Forgetting everything else in the happiness of her find, Marcella caught up the rag doll and ran downstairs to show it to Grandma.

Well! Well! Where did you find it? Grandma cried. It’s old Raggedy Ann! she went on as she hugged the doll to her breast. I had forgotten her. She has been in the attic for fifty years, I guess! Well! Well! Dear old Raggedy Ann! I will sew another button on her right away! and Grandma went to the machine drawer and got her needle and thread.

Marcella watched the sewing while Grandma told how she had played with Raggedy Ann when she was a little girl.

Now! Grandma laughed, Raggedy Ann, you have two fine shoe-button eyes and with them you can see the changes that have taken place in the world while you have been shut up so long in the attic! For, Raggedy Ann, you have a new playmate and mistress now, and I hope you both will have as much happiness together as you and I used to have!

Then Grandma gave Raggedy Ann to Marcella, saying very seriously, Marcella, let me introduce my very dear friend, Raggedy Ann. Raggedy, this is my grand-daughter, Marcella! And Grandma gave the doll a twitch with her fingers in such a way that the rag doll nodded her head to Marcella.

Oh, Grandma! Thank you ever and ever so much! Marcella cried as she gave Grandma a hug and kiss. Raggedy Ann and I will have just loads of fun.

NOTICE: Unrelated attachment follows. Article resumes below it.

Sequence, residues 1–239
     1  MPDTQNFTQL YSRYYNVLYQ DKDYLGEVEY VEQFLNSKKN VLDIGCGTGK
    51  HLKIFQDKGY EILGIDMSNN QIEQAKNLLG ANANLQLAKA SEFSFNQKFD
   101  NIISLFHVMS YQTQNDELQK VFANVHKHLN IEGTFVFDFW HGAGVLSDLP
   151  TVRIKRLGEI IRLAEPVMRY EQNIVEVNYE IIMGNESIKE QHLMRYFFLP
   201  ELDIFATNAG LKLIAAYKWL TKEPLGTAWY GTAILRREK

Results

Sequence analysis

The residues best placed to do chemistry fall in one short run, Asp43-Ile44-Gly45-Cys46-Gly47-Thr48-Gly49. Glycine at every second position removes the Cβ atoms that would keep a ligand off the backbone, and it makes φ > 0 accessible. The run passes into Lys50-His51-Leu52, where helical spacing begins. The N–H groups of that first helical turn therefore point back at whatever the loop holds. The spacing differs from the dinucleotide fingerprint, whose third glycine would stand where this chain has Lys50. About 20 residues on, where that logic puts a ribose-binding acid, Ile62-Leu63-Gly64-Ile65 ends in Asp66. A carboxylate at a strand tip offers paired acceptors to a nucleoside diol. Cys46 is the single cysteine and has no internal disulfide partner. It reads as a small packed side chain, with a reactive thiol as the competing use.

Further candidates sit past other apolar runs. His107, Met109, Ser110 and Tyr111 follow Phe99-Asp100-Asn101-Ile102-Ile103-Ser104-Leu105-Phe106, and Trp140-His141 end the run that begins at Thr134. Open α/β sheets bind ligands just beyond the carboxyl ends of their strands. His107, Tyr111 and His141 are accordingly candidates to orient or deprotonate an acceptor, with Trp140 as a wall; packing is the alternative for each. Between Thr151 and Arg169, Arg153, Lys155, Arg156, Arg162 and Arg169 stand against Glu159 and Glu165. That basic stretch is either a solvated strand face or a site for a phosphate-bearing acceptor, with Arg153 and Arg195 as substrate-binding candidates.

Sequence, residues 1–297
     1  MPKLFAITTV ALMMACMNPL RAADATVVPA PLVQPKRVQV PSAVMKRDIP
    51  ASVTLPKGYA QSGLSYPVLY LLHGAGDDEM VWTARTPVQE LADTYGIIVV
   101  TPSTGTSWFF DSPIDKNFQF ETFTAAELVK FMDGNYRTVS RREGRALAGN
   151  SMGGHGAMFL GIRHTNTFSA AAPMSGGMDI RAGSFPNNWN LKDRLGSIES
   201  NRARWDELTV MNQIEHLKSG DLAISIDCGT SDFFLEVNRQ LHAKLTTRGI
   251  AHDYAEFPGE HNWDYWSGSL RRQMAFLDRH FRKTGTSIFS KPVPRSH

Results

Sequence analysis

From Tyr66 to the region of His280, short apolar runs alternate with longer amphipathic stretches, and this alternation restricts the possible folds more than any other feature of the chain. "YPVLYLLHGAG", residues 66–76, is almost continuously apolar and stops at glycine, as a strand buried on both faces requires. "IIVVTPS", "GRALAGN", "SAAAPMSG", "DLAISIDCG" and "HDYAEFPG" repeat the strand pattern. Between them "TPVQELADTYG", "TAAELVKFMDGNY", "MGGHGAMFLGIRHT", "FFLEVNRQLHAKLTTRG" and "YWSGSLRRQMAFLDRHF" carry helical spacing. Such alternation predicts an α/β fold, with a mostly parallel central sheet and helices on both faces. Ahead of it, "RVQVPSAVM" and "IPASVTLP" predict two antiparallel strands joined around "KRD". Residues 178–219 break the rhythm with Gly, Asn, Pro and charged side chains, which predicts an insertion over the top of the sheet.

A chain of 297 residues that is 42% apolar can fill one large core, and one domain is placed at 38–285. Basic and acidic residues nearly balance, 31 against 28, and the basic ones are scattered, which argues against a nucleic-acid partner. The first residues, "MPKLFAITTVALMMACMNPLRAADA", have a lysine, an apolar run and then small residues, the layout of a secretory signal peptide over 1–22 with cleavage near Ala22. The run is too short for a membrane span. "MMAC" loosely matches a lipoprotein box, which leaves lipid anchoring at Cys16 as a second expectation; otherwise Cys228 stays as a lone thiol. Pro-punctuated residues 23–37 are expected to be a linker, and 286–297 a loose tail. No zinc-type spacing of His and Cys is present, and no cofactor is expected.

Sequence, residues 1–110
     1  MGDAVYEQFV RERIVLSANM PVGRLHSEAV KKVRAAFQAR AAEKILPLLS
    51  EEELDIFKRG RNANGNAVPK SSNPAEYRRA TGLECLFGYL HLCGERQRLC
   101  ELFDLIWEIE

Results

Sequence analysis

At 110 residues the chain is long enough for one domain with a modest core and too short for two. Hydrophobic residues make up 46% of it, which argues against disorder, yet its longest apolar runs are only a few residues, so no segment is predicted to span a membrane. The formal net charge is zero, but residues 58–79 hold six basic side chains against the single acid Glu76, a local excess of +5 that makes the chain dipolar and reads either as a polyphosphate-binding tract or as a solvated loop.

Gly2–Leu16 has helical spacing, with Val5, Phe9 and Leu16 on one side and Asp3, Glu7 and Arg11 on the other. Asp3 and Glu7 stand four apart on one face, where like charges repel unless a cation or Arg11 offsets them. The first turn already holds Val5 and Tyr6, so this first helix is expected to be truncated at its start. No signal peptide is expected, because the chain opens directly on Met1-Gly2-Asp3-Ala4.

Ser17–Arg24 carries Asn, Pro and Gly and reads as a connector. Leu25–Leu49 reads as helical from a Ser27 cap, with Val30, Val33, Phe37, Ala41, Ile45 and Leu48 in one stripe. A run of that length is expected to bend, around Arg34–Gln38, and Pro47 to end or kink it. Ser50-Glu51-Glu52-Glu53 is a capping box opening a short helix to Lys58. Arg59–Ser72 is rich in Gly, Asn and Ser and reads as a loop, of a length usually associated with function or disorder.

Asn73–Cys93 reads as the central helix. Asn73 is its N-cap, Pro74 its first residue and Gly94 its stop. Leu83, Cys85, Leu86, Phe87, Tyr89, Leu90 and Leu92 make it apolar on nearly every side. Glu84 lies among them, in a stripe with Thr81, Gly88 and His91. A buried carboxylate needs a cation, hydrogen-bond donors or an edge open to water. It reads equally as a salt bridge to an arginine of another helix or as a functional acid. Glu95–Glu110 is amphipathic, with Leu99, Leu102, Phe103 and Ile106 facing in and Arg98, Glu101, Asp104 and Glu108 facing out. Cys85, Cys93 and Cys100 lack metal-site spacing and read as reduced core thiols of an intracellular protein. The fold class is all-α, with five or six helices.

And this is how Raggedy Ann joined the doll family at Marcella’s house, where she began the adventures of Raggedy Ann, told in the following stories.

Raggedy Ann Learns a Lesson

One day the dolls were left all to themselves.

Their little mistress had placed them all around the room and told them to be nice children while she was away.

And there they sat and never even so much as wiggled a finger, until their mistress had left the room.

Then the soldier dolly turned his head and solemnly winked at Raggedy Ann.

And when the front gate clicked and the dollies knew they were alone in the house, they all scrambled to their feet.

Now let’s have a good time! cried the tin soldier. Let’s all go in search of something to eat!

Yes! Let’s all go in search of something to eat! cried all the other dollies.

When Mistress had me out playing with her this morning, said Raggedy Ann, she carried me by a door near the back of the house and I smelled something which smelled as if it would taste delicious!

Then you lead the way, Raggedy Ann! cried the French dolly.